Home Design Inspirations You Can’t Rush Perfection: Planning Process Is Deliberate

You Can’t Rush Perfection: Planning Process Is Deliberate

New practice becomes reality after five years of planning and 10 years of ownership

                                               Dr. Wampler and Dr. Wineinger

Kimberly Wampler, OD, and her husband Jeff Wineinger, OD, celebrated a decade of practice ownership in November 2017. They bought the practice 10 years ago after its former owner sold one of his three office locations to them. Not too long after they bought it, they began thinking about a move. Right around this milestone anniversary, the new location opened.

                                                    The new office space

The effort to relocate Cedar Park Vision in Cedar Park, Texas, had been a labor of love. The process took five years of planning, starting with extensive research about the city, which is located about 20 miles northwest of Austin. “We did some studies for a few years, watching the area and growth,” Dr. Wampler explains. “There’s potential for many new patients because this city is one of the fastest growing in the nation,” with several new housing developments underway.

Two items topped their wish list for a new space. They wanted better visibility than their former space, which was located in a strip mall but not easy to find as it was tucked away behind other businesses, and to stay within a one-mile radius.

Nearly four years ago they found their ideal property—a large, empty lot of land just a half mile away—and they purchased a portion of it that is located at a busy intersection right on the corner. “You pay a premium to be at a major light,” but the investment was worthwhile, Dr. Wampler says. They spent the next year negotiating the price and completing the purchase.

The original plan had been to roll out construction on their land in two phases: first, their office, and then an expansion of a strip center for rental opportunities. But when faced with the realities of city codes and parking regulations, the best decision was to build all 11,000 square feet of the project at once; their office takes up half of the space.

                 The doctors built in rental space when undergoing new construction

She worked with the city development team and on the design of the building, and Dr. Wineinger was in charge of the engineering and electrical details. She adds that splitting the responsibilities was very helpful as they went through the process. Ultimately, their opening was delayed about a year from the anticipated date, “but we have learned a lot from the city, banks and architects we’ve been working with on this project. It’s very stressful because I’m very picky about every detail, but it’s been a great experience,” she says.

The new office space at 5,500 square feet is just more than double their first office, and they now have six exam lanes instead of three. Dr. Wampler says that she pictured the space in a very specific way. “There’s a classy aspect but there are raw beams exposed and a loft-like industrial look with a little bit of sparkle,” she says. It looks like an art gallery with open space incorporating lots of natural light in the optical, which has a 30-foot ceiling. The rest of the space has average height ceilings, with a second level for office and storage space.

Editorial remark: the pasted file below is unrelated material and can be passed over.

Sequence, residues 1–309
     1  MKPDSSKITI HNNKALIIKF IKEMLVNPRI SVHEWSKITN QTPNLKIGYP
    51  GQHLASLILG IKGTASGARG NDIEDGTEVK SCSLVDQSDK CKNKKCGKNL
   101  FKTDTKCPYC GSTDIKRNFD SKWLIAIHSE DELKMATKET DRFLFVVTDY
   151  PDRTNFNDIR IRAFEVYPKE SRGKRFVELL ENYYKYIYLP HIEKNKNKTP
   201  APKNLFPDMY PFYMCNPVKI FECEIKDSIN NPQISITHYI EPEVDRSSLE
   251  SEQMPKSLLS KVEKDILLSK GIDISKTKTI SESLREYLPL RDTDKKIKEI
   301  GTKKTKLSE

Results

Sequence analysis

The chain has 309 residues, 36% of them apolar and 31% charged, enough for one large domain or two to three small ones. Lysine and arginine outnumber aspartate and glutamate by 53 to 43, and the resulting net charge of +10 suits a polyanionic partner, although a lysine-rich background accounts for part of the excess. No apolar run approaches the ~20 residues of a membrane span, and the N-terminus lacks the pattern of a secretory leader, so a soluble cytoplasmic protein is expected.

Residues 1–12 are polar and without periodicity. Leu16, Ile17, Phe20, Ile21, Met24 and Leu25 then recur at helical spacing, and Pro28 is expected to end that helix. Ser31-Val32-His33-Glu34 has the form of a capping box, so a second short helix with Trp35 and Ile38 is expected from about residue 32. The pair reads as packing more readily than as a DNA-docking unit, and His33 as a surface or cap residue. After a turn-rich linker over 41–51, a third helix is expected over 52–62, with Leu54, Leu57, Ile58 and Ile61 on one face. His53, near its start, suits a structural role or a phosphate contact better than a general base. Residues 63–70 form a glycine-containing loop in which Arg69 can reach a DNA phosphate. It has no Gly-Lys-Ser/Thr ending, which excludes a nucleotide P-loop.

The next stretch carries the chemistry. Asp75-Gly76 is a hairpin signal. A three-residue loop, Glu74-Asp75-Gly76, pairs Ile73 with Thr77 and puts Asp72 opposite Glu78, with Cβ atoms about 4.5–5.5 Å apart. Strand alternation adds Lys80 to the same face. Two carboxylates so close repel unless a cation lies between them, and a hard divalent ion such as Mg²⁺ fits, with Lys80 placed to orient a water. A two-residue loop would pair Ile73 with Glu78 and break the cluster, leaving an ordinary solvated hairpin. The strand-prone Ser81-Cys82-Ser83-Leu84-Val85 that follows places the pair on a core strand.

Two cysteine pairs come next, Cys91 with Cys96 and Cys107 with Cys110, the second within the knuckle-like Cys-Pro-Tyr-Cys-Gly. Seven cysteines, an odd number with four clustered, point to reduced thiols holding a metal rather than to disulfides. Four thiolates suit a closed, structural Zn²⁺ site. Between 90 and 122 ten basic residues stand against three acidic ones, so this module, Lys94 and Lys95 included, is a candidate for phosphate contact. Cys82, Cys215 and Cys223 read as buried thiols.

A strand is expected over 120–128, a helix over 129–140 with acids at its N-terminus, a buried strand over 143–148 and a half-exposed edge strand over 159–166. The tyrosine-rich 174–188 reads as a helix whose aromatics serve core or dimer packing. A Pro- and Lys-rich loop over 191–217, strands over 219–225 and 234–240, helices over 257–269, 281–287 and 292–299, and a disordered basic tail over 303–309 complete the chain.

The office typically attracts patients from as far as an hour away, and Dr. Wampler looks forward to her changing patient demographic and adding more exclusive frame lines. “We want pieces that are original and special, and our opticians will be trained to tell the story of the line,” she says.

And just as the frames themselves are pieces of art, there is also plenty of wall space to feature local artists. Dr. Wampler plans to purchase art for the office and possibly commission some art to offer for sale. She even plans to hold an event for patients and invite Austin mural artist Mike Johnston, who has worked with Google and Spotify, to paint the side of the building.

The practice has always had a focus on the latest technology so there weren’t too many new pieces to add with the move. Dr. Wampler did add new phoropters to her new exam lanes, and she also plans to upgrade her OCT soon as she sees many patients with diabetes for medical eye care. She hopes the expanded space will allow her to dedicate areas to some other specialties she would like to pursue, such as vision therapy and myopia control.

In addition to the mural event, the doctors plan to hold two grand opening events: one with the local Chamber of Commerce and another for their professional network of doctors such as retinal specialists who refer to the practice. She says that she would also love to host some just-for-fun events, such as through Sofar Sounds, an organization that brings independent artists to a variety of settings that meet certain space and technical requirements. (Learn more at sofarsounds.com.)

Looking ahead, their goals are to “add an associate or two in the next few years, as well as hire more staff to be assistants, techs and opticians,” she says. And as they opened up in December, Dr. Wampler was pleased to share that already had one tenant for their rental space. A dentist would be moving in the other end cap with a lease for 10 years, leaving the center open for either one large office or two smaller tenants. Dr. Wampler says that she also likes that there is flexibility for them to expand into that area.

Click here to read about the mural creation process.

Photos provided by Dr. Kimberly Wampler.

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